Yes i would say that journalists had a problem with Queen right from the beginning.You see,they liked to play a game of "lets pidgeon-hole every band that exists" and they couldnt do that with Queen.Some of them even had a problem with Freddie's sexuality and also because of the fact that he didnt look and act like Robert Plant.I remember one journalist in the Record Mirror (a totally shit music rag that existed in the UK in the 70's and 80's) describing Freddie as being "too poofy".Totally ignoring the fact that he was a utterly consummate singer and performer,even in the early days.That's why for years Freddie wouldnt give any interviews(or very little)

You have to remember that John Peel was a champion of more or less unsigned bands and so therefore people of that ilk looked upon bands like Queen with disdain,claiming them to be the hierachy.John ,of course ,did not.I think he might even have been considered to be a freind of the band.

I wish i could take you back to the 70's to see Queen as i saw them.It would be fun.


Didn't Roger Taylor say "If John Peel was here now, I'd give him a good thumping"?????

I think so, and it had to do with John Peel commenting on Queen and aparthied, calling Queen 'Sun City Boys' or something like that. And Roger and Freddie were upset, and Roger threatened him.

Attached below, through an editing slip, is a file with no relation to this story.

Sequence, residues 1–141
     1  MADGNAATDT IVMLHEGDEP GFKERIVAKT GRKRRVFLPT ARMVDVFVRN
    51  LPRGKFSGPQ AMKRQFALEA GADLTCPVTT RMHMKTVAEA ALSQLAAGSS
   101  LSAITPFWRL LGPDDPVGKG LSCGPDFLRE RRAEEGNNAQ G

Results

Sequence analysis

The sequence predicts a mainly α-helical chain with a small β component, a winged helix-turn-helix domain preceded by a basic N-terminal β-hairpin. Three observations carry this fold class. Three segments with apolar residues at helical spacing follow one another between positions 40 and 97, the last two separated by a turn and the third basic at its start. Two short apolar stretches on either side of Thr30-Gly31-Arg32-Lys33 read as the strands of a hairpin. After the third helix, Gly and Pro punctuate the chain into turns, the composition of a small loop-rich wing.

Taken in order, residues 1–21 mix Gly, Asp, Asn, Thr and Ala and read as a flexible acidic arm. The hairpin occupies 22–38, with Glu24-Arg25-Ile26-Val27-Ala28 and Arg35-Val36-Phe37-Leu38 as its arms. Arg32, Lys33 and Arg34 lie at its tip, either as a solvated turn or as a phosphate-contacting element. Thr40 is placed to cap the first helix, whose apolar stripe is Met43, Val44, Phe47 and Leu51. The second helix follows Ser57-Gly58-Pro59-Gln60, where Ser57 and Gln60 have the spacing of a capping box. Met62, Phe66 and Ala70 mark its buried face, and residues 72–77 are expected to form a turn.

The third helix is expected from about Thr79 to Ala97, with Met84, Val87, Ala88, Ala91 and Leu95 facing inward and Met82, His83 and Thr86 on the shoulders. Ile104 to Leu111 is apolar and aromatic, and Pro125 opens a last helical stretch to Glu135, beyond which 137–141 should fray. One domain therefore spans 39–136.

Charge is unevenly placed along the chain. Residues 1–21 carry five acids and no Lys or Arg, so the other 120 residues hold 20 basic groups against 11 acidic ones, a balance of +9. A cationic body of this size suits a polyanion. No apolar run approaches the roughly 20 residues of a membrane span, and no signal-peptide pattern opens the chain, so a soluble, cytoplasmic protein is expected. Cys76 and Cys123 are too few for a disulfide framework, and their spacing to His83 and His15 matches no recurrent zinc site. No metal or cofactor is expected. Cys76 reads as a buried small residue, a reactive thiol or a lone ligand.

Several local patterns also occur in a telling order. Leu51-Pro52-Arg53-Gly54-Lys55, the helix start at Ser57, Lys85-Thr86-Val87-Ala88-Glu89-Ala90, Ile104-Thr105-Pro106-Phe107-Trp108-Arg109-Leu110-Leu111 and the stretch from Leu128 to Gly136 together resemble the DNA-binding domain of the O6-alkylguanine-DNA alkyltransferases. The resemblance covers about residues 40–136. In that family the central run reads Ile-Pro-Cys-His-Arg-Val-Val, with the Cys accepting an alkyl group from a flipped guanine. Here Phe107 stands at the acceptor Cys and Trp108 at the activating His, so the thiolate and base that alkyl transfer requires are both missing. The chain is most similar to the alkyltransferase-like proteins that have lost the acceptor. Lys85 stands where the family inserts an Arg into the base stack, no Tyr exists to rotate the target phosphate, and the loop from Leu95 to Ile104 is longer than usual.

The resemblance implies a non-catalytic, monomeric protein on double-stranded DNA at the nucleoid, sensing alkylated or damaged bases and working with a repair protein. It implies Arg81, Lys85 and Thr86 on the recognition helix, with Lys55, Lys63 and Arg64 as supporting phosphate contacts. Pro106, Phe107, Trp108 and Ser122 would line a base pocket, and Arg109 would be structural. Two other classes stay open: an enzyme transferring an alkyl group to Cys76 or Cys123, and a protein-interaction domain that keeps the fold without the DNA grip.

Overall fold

I have the article somewhere... it's also probably on QueenCuttings.


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Posted: 19 Jan 08, 07:03 Edit this post Reply to this post Reply with Quote

.*.Messenger: Jake Pyndle.*. wrote:

Roger Meadows Tailor wrote:

saltnvinegar wrote:

Roger Meadows Tailor wrote:

I got into Queen very early in their career.

I was fortunate enough to see them live supporting Mott The Hoople in '74 before i bought my first Queen album.
I can remember being impressed with them and thinking here's a band who are attempting to play different styles of music in the one gig.

Harmonies wise,i know they ripped off Sweet and to a lesser degree The Beatles.Queen,for me,took their ideas and did them better.

When i bought Queen,just after that show,i listened to it and loved the fact that they were so meticulous in their approach to their music (even then).They didnt stick to any one formula like bands like Yes or Deep Purple did.Queen's music was pushing boundaries never heard of in Rock music.Thats what probably got up a lot of the journalists arses at the time.